The Need for Trusts and its Types in Oklahoma

You don’t have to be wealthy or elderly to think seriously about estate plans. In Oklahoma, a person’s assets like home, bank accounts, personal belongings, life insurance, pensions, etc. are all part of their estate. Even someone with a small estate needs a plan to properly transfer their property after death. A will or a trust allows you to decide what will happen to your assets after your death without any intervention from the state laws. A trust allows you to easily transfer assets to your beneficiaries or heirs. And if set-up properly, the assets in a trust can avoid probate and immediately pass from the owner to the heirs. And sometimes you can also create a special needs trust like the life insurance trust or Medicaid asset protection trust in Oklahoma.

What is a Trust?


A trust is a legal document that manages the distribution of a person’s property by transferring the benefits and obligations to the beneficiaries. A property owner (grantor) creates a trust by naming one or more persons or institution (called trustee or trustees) to manage their property subject to the terms and conditions set forth in the trust agreement. Unlike a will, a trust allows a person to control the distribution of their property and the income derived from their property, during life as well as after their deaths.

Types of Trusts

There are many different types of trusts and their details may vary from state to state. In fact, there are numerous types of trust agreements to choose from in Oklahoma alone. However, each type of trust has certain advantages and disadvantages that are intrinsic to that specific trust agreement. The four basic types of trusts are:

  • Living Trust
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A living trust is a trust that is created by the owner of the property and becomes effective immediately after it is created. These trusts do not wait to come into effect but can be designed to continue after the death of the owner. In these types of trusts, the owner often retains ownership for making any changes which can be transferred at the time of their death.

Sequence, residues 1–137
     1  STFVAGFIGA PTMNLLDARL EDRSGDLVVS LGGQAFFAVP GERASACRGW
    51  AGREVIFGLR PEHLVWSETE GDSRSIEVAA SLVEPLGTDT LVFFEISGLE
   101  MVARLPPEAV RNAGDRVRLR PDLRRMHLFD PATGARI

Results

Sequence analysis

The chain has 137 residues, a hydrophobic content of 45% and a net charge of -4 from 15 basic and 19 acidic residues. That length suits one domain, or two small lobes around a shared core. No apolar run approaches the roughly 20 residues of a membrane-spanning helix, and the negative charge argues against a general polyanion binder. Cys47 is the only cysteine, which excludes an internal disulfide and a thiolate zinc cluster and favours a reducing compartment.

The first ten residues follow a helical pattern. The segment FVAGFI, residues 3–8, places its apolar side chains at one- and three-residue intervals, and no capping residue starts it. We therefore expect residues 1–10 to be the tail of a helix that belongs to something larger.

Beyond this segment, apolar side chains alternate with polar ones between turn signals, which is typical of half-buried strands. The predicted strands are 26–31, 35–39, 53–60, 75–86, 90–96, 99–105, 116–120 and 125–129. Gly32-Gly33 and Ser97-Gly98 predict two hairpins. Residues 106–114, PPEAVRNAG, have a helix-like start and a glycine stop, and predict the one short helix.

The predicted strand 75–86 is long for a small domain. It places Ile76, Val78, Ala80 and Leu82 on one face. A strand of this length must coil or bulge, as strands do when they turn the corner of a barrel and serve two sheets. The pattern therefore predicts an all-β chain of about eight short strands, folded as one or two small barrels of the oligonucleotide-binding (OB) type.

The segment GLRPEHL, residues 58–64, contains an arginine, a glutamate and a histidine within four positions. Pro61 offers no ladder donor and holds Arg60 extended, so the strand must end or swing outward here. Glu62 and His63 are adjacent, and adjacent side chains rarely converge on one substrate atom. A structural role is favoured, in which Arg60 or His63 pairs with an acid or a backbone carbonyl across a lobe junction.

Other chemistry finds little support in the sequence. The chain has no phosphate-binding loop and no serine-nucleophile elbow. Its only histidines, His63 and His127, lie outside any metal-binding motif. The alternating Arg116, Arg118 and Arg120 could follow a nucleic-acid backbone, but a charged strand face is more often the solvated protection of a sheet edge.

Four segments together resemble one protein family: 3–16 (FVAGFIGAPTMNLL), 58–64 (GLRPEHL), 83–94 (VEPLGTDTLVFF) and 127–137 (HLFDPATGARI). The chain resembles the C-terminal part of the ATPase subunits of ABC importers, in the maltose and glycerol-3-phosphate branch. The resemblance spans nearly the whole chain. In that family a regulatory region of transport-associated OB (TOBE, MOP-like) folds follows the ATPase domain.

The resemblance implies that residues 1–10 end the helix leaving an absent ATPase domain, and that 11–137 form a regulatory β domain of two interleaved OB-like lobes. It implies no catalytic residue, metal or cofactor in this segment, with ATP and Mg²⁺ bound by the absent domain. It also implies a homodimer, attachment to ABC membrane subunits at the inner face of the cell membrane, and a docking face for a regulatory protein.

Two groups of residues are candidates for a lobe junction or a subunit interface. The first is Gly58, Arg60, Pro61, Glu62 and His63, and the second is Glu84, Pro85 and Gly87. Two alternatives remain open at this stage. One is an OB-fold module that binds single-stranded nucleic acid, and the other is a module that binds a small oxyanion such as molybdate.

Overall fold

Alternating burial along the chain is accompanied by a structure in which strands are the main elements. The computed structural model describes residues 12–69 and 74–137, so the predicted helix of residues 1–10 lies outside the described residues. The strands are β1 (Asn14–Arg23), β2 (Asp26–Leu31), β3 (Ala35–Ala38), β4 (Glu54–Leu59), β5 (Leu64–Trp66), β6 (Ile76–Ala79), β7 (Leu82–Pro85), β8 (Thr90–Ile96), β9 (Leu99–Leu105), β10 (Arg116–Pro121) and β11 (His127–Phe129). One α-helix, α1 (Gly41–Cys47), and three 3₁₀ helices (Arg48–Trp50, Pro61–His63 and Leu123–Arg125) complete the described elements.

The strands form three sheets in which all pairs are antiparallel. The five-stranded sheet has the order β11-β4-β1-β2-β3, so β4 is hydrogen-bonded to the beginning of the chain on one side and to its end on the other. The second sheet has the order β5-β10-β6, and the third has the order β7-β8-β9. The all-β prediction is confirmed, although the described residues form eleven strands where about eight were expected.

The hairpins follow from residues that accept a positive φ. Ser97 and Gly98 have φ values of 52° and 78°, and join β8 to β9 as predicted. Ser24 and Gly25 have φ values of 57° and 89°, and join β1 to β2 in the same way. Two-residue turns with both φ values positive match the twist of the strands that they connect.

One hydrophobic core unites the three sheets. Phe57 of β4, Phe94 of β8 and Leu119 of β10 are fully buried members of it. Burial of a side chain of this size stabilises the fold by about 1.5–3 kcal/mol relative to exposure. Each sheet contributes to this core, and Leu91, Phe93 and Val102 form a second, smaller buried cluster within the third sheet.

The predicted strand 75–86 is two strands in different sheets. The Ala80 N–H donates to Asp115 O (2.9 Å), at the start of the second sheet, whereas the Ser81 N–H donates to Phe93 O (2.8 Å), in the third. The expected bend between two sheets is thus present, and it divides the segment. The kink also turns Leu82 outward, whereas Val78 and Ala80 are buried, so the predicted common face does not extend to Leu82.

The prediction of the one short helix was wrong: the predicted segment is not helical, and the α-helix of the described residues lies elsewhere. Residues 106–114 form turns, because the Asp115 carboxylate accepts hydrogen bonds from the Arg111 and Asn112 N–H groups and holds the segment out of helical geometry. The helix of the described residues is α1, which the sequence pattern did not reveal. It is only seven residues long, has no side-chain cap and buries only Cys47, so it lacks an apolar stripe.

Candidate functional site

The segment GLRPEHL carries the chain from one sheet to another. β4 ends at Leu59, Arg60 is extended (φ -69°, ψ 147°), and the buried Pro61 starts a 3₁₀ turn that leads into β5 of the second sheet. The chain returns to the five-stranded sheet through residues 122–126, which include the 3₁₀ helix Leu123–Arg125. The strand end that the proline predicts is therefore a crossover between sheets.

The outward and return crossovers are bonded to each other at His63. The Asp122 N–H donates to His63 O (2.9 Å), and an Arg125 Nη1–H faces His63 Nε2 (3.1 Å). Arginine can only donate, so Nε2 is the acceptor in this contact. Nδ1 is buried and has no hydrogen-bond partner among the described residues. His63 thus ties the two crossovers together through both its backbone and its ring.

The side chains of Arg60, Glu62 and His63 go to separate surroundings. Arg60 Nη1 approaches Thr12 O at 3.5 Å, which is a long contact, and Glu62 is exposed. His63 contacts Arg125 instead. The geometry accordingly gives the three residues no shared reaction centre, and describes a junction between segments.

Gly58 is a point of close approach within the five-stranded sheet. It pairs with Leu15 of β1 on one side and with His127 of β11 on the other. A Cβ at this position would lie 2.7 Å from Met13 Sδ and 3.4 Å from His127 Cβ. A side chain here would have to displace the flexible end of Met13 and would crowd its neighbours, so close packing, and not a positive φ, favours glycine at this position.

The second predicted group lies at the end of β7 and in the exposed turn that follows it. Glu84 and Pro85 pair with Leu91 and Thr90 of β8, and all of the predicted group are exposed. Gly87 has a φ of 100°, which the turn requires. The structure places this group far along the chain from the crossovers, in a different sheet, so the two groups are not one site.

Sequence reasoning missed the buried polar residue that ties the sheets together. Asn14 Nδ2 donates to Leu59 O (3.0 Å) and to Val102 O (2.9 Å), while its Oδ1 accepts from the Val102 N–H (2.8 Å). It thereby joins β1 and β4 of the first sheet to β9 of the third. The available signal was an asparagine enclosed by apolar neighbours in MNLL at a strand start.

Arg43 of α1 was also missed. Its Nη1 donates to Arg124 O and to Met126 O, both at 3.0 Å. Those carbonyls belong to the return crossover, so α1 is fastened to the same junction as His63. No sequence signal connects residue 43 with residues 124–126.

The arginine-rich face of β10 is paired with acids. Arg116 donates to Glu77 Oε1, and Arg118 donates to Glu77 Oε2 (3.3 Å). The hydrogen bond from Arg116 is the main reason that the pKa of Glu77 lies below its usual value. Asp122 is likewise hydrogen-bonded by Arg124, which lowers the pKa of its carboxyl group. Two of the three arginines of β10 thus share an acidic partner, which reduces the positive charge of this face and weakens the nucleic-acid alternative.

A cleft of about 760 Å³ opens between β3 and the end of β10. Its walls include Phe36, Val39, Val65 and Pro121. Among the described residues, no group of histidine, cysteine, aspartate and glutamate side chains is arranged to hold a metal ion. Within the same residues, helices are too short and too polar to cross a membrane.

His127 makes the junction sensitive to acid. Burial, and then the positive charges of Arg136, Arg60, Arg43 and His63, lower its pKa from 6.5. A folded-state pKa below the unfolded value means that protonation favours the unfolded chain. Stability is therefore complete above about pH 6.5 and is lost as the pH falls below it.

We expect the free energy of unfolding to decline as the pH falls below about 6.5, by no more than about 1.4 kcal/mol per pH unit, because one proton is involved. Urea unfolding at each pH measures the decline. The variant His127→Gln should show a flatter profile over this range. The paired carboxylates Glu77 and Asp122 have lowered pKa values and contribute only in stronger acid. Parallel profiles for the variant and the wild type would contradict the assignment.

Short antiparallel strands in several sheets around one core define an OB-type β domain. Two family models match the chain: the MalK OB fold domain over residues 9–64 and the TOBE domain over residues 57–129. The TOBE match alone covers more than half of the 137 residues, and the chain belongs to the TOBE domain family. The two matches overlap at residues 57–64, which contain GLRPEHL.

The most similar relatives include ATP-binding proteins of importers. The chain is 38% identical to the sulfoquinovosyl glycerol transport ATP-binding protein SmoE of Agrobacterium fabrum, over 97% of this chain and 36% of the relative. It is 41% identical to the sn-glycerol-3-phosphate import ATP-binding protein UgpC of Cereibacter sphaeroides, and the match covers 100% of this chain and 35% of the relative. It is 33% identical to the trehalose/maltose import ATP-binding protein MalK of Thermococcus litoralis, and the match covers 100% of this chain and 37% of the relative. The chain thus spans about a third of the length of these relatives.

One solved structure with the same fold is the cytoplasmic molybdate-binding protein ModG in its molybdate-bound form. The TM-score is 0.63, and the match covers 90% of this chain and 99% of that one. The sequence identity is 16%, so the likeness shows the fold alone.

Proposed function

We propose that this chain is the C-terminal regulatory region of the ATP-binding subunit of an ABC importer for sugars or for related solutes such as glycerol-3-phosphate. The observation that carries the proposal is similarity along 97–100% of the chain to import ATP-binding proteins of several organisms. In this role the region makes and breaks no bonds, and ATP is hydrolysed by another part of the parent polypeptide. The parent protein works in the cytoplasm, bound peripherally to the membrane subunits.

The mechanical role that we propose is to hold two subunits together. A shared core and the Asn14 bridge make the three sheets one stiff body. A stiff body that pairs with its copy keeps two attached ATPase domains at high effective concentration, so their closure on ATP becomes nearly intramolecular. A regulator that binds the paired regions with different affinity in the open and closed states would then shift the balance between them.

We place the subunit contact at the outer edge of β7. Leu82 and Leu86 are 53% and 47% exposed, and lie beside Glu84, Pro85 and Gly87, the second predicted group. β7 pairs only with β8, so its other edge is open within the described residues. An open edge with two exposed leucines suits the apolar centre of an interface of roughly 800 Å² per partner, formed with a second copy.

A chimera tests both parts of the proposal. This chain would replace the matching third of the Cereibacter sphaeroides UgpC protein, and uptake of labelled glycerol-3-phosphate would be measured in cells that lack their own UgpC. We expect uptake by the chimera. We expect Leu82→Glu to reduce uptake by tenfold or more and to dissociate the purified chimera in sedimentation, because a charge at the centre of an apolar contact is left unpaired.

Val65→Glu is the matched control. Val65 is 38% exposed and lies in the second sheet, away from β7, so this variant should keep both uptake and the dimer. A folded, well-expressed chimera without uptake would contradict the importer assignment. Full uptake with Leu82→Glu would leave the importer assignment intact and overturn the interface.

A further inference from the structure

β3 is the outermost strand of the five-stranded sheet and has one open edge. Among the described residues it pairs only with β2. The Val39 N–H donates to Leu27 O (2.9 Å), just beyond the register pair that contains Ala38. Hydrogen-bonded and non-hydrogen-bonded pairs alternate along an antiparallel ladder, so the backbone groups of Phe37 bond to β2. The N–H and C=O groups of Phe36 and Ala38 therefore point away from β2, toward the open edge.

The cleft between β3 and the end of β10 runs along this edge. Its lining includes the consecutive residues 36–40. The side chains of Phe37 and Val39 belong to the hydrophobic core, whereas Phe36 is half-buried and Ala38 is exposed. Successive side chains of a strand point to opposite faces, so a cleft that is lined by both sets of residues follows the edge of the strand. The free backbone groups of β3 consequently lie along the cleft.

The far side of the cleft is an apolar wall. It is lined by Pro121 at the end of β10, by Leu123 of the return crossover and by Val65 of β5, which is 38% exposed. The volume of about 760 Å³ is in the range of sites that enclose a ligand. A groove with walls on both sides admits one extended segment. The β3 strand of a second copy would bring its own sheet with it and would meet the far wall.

• Testamentary Trust

A testamentary trust becomes effective only after the death of the grantor. These trusts often specify the conditions of distributing the property or benefits among the heirs. They also specify whether to spread the payment of benefits over a period of time or to make a single payment. Testamentary trusts are commonly specified in a will as a provision leading to probate before commencement of the trust.

  • Revocable Trust

These trusts are made during the lifetime of the grantor and can be changed, modified, or revoked entirely if the owner wishes. Revocable trusts are extremely helpful to avoid probates as the ownership of assets stays with the trust during life and at the time of death of the grantor. However, they cannot be used for asset protection as the assets remain available to the grantor’s creditors.

  • Irrevocable Trust

Irrevocable trusts cannot be altered, modified, changed, or revoked after their creation. Once a property is transferred into an irrevocable trust, even the grantor cannot modify or take it out of the trust. These trusts can be helpful in avoiding excessive estate taxes. Although holding a survivorship life insurance in these trusts can have negative consequences.

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Trusts in Oklahoma


A trust is much more flexible than a will and can be tailored to meet your specific needs. An individual can utilize a trust to resolve complex issues and avoid probate. You should discuss whether you need a trust and all your legal options for trust agreements that meet your expectations with an experienced local attorney before making any decisions.

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